Monday, April 01, 2019

Queen Charlotte Sound

[Kyle]We left Stinking Wind (Onepua) and immediately ran into a bunch of stinking wind. It was a good day to have the protection of the surrounding mountains.

We found ourselves an overnight spot in the lee of one of them, where we could just see the city of Picton in the distance. There was a DOC sign for a trail, so we used that as an excuse to inflate the kayak and go have a look.


Kumutoto Bay - the bird is a Weka

What we found was a well-tended trail that meandered along the mountain slope to a campsite at the next cove. That was it. The DOC does this all over the place. The trail had clearly just been maintained – trimmed leaves and branches on the trail were still green, so they had to land people and equipment to do the job. It seems the entire purpose of the pleasant trail was just to give the people camping there something to do other than fish and wonder how much longer before they can open their next can of beans.

From our spot opposite Picton, we went further up Queen Charlotte Sound to the head of Lochmara Bay where we hoped to find some protection from the coming storm.


Lochmara - the calm before the storm

What we found were two coves at the end that were completely filed with unoccupied mooring balls. Oooh, this bugs me! {Nothing against mooring balls, but when the chart and guidebooks suggest we can find an 'anchorage' that is what we expect to find!}. There was no hope in the western arm, but the one next door had just enough room for us to fit in between them all.

Or so we thought. The high surrounding hills only offered protection from the wind half of the time. As the wind streams overhead, the valley’s calm bubble grows and shrinks as the turbulence at the interface adds or subtracts air, Every now and then, the whole thing gets unstable and collapses completely before refilling again. When it does this, wind comes rushing down into the valley. When this wind comes, it is from random directions and hits the water tumbling and spinning.

At the water’s surface, we would be bobbing next to our anchor, not pulling at all, in about two knots of wind, when we would get hit by 40 knot gusts. We could see the trees shaking as the wind came barreling down the hillside at us. Sometimes it would miss us entirely, sometimes we would get hit with a back eddy. We often would have winds at deck level going the opposite direction from those at the masthead, or none versus lots. It was crazy! At one point we got hit by a whirlwind that very slowly crept up from behind and then engulfed us in flying spray before disintegrating into chaos when it hit our rig. Wind at the helm was from the right, wind at the bows were from the left. I was glad we didn’t have any sail up for that one!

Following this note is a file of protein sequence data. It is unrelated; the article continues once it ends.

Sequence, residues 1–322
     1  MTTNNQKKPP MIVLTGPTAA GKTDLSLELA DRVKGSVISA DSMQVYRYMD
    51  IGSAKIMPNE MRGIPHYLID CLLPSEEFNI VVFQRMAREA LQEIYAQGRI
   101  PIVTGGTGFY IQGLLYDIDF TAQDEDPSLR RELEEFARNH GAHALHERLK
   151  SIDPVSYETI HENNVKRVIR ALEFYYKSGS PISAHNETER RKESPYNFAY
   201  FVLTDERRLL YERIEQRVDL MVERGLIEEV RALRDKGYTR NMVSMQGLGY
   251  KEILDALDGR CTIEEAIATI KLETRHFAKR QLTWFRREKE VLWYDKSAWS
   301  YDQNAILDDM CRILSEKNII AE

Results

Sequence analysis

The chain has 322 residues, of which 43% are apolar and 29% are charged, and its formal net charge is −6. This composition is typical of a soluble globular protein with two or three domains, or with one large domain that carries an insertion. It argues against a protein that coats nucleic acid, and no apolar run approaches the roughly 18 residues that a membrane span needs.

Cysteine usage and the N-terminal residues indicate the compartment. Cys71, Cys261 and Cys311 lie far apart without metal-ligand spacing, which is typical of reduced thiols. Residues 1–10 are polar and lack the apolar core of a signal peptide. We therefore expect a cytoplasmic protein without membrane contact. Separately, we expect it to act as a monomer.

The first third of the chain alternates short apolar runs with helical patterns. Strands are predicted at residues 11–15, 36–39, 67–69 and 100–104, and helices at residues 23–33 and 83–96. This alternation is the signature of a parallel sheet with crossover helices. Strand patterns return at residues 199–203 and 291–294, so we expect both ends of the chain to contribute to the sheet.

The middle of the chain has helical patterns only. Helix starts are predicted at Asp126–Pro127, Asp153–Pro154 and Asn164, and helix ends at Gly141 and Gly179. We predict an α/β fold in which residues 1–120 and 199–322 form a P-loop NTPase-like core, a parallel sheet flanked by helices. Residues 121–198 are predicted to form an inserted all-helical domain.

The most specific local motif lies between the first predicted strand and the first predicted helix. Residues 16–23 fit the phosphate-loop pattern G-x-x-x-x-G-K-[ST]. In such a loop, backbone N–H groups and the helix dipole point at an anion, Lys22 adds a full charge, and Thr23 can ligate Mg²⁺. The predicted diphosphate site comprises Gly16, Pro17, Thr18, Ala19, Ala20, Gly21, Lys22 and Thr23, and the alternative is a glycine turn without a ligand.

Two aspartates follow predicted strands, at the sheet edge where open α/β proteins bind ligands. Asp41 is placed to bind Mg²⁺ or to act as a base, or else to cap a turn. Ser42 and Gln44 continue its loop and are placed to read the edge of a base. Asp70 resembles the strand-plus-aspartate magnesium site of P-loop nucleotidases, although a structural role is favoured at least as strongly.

All of this meant our motion was crazy. We would pull really hard on the anchor and then the wind would stop and another one from behind would come in and start pushing us forward. We would get up to two or three knots before reaching the other side of the anchor, then we would swing around and get snatched to a lurching stop. Then a wind would come in from the side…

During our little tour, we came just a little close to two of the moorings. We weren’t comfortable in the event some big fishing boat comes in and picks one of them up while we were sleeping, or trying to anyway. We pulled up our anchor and decided to tie to the one of the free balls in the harbor. We picked the one that looked like it had the magic combination of being least likely to be in current use and most recently maintained. We picked one on the edge of the field, tied up to it and pulled HARD. It didn’t budge even a little, so we settled down for the night and hoped we wouldn’t get booted off.

We didn’t. The night was miserable. We lurched and yanked every which way all night long screaming gusts and pouring rain. I left the instruments on overnight. We recorded a maximum gust of 48 knots (55mph, 88kph). We saw LOTS of forties during that.

We stayed another night after the storm ended, all of which was in blissful flat calm. That allowed us to get the sleep we had missed the night before.